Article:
High-level logic vulnerability


This lab doesn’t adequately validate user input. You can exploit a logic flaw in its purchasing workflow to buy items for an unintended price.

Reproduction and proof of concept

  1. With Burp running, log in with wiener:peter and add a cheap item to your cart.

  2. In Burp, go to Proxy -> HTTP history and study the corresponding HTTP messages. Notice that the quantity is determined by a parameter in the POST /cart request.

  3. Go to the Intercept tab and turn on interception. Add another item to your cart and go to the intercepted POST /cart request in Burp.

  4. Change the quantity parameter to an arbitrary integer, then forward any remaining requests. Observe that the quantity in the cart was successfully updated based on your input.

  5. Repeat this process, but request a negative quantity this time. Check that this is successfully deducted from the cart quantity.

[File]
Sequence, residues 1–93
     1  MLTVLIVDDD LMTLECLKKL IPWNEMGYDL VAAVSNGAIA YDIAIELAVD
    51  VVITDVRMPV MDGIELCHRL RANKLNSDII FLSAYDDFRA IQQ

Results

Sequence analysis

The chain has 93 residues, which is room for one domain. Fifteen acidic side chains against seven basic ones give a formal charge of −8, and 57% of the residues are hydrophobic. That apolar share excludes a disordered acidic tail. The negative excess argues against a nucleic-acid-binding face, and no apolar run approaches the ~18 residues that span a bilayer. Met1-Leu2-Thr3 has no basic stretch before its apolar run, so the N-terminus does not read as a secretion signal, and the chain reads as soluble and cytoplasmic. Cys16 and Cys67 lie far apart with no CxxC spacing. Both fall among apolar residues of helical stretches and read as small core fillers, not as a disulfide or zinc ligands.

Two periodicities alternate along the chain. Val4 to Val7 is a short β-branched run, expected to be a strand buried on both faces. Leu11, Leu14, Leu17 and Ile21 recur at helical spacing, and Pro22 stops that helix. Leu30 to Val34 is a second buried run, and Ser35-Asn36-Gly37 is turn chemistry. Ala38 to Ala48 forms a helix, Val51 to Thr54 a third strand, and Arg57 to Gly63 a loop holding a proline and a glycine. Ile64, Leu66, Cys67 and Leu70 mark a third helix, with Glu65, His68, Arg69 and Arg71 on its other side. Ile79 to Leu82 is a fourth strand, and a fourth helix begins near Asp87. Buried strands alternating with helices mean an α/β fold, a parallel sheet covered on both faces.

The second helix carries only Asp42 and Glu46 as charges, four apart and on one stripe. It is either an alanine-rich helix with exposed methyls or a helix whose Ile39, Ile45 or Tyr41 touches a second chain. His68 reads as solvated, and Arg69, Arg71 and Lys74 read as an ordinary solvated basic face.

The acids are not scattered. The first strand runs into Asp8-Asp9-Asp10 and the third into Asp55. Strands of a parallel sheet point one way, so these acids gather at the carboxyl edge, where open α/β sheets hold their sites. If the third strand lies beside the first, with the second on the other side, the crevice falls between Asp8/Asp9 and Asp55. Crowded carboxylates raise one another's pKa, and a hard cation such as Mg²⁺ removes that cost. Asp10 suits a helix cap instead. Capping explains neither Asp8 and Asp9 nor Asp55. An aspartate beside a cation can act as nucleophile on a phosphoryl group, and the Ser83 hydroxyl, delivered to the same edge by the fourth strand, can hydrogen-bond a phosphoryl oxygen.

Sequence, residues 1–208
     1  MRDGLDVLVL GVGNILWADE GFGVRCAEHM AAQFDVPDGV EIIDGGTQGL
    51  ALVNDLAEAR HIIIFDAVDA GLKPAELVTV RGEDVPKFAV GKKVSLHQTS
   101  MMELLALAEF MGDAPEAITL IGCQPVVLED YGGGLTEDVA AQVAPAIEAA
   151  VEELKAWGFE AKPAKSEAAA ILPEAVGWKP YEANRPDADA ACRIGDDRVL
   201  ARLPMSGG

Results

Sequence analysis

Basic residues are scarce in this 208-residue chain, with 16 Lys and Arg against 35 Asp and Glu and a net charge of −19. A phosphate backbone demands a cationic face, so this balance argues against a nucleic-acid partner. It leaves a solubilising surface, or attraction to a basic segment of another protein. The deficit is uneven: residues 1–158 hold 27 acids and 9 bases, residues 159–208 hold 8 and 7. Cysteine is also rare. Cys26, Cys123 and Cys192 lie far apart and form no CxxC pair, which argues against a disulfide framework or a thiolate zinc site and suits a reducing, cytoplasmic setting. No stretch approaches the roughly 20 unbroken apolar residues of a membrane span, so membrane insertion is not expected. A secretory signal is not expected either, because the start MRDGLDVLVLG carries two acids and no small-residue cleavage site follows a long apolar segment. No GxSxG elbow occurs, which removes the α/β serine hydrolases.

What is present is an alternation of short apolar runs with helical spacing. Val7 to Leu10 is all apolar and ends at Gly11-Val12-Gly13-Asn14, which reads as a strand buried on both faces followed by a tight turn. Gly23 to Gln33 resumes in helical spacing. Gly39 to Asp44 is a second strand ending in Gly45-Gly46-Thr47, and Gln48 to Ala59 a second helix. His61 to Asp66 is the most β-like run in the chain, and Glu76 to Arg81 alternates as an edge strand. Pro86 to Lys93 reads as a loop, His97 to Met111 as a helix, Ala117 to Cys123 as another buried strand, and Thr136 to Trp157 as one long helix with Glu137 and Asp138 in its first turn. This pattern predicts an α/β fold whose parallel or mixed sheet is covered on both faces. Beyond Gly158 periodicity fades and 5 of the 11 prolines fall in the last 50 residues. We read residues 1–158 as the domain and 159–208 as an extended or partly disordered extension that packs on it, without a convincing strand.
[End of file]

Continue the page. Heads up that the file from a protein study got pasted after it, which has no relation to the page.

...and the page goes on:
6. Request a suitable negative quantity to remove more units from the cart than it currently contains. Confirm that you have successfully forced the cart to contain a negative quantity of the product. Go to your cart and notice that the total price is now also a negative amount.

  7. Add the leather jacket to your cart as normal. Add a suitable negative quantity of the another item to reduce the total price to less than your remaining store credit.

  8. Place the order to solve the lab.

Business logic


An attacker will need to log in and buy a “Lightweight l33t leather jacket” for a price way less than intended.